Do you have a social media strategy in place?
Social media is mainstream now. That means it’s much more difficult to get noticed or even be seen by your existing connections, fans, and followers. But there are also more social networks and more noise to go along with them!
With so many options and so many people participating, how do you know where to focus your time and how can you stand out from the crowd?
If you’ve just been randomly posting to social networks without any kind of a strategy in place, it’s time to do something different.
Random social media tactics lead to random results.
Having success with social media today requires a much more strategic focus.
Also, to be effective with social media requires a sort of alchemy. It’s both a science and an art. Positioning yourself as an influencer is much more effective than just being a marketer.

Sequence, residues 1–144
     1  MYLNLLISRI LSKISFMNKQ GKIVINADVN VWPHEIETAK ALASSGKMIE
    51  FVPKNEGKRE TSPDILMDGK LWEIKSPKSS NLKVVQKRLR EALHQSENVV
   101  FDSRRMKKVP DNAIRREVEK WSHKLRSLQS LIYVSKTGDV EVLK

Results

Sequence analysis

Nobody likes a marketer. Marketers who aren’t adding any real value to their social audiences end up getting ignored.
To build influence through social media requires a more strategic and thoughtful approach.
The idea is to leverage social networks to reveal your personality, passion for what you do, and your unique perspective in a way that helps your audience learn something new, solve a problem, and achieve more.
When you build influence on social media you make a human connection and resonate with your audience. You will magnetically attract the right people who trust you and they will naturally seek out your products and services.
When you operate with a build influence mentality as your social media foundation, the 7 rules below can help you take your strategy to the next level.